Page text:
In the light of Brexit and these legislative changes, it’s imperative that landlords adapt a pragmatic approach to investment, whether that’s through minimising void periods or even utilising Airbnb as a short-term solution when the property is empty. You can find out more about this here.

Phillip Hammond

2. Increased Pressure on HMO Licensing

What is it?

In October 2018, the government removed the three-storey rule from HMO regulations, and instead insisted that a property is now defined as a Home of Multiple Occupancy (HMO) if five (or more) tenants live there from two (or more) unrelated households. If your rental property falls under this classification, you need to obtain the right license and to adhere to tighter requirements.

According to many councils around the UK, there are still thousands of landlords without the proper license. There has also been some press around a Richmond Landlord who had been prosecuted for not having a proper HMO licence for his property, despite the fact that he believed he made a proper application.

It’s imperative that new landlords understand the licensing process and also fill in the necessary paperwork correctly, or there is the risk of fines and even imprisonment.

How will this affect landlords?

Landlords should immediately check whether or not they fall within the HMO scheme requirements (we are happy to help you and can let you know instantaneously)!

Licenses last for up to five years, and can be obtained via the website. The application is rather lengthy and needs to be watertight, so we are able to complete this on behalf of a landlord at a small administrative cost. Please get in touch with us if you require this service.

3. Deposit Rule Changes

What is it?

From a big change to a simple one: From 1st April 2019, all letting agents were required to protect client (landlord’s) money through a government-approved scheme. This includes both rental income and tenancy deposits.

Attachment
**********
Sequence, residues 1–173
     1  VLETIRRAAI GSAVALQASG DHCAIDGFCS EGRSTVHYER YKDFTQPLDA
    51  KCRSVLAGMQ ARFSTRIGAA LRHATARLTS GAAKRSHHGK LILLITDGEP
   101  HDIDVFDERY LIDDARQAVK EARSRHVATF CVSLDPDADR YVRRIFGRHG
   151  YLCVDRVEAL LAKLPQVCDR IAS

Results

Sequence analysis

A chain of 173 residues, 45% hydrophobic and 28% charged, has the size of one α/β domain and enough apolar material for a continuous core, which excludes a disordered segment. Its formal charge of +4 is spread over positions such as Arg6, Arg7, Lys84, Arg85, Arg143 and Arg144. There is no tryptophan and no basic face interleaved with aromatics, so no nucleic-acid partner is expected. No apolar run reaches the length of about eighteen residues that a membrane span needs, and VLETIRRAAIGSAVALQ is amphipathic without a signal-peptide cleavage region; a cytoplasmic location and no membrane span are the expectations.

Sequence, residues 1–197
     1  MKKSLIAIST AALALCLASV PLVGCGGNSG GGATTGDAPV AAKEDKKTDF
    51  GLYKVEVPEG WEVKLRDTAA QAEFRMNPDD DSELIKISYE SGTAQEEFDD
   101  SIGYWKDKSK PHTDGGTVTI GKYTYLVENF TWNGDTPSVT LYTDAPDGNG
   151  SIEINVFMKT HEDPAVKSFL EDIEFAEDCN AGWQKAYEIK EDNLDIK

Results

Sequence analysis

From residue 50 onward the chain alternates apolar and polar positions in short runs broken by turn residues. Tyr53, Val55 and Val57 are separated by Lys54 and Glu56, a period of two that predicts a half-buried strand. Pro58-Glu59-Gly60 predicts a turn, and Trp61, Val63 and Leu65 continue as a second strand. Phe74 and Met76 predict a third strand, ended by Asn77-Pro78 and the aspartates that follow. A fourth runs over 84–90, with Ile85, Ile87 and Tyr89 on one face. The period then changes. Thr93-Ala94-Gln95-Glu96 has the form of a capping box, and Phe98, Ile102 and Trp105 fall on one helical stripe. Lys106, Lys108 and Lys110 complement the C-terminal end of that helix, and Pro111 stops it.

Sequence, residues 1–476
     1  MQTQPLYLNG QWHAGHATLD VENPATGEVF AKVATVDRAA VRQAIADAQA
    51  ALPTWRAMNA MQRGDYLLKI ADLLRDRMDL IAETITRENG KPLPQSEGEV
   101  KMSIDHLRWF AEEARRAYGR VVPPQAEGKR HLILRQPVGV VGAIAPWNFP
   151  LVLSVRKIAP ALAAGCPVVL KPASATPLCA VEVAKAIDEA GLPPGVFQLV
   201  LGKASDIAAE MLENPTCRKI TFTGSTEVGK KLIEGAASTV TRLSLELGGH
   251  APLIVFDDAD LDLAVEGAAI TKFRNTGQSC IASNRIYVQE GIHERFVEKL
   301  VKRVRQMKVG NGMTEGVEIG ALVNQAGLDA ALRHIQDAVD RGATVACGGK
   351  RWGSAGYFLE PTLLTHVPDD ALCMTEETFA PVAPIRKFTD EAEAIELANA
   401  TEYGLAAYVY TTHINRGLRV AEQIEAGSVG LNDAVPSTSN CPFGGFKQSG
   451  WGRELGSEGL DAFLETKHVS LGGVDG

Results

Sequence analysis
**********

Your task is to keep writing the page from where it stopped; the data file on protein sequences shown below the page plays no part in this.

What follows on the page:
Known as Client Money Protection, this is brilliant for landlords because all their rental income is protected.

How will this affect landlords?

Portico Landlords will now have complete peace of mind that their rental income and deposits are protected and tied up to an appropriate scheme. If you’re not a Portico landlord, we recommend having a conversation with your letting agent to ensure you’re protected.

4. Beginning of the End of Mortgage Interest Tax Relief

What is it?

We have written extensively about the changes to mortgage tax relief, but now that we’ve entered a new tax year, a refresher of the rules seems sensible.

Anybody who became a landlord before April 2017 will remember that it was possible to reduce their tax bill by deducting ALL mortgage interest off rental income.

However, under the new rules, landlords will progressively lose tax relief on their buy-to-let mortgage costs each year until April 2020, where they will no longer be able to deduct ANY mortgage interest costs from taxable profits (if the property is owned by an individual).

However, there is a positive: from April 2020, a 20% tax credit will be introduced.

  • In the 2017-18 tax year, landlords could claim 75% of their mortgage tax relief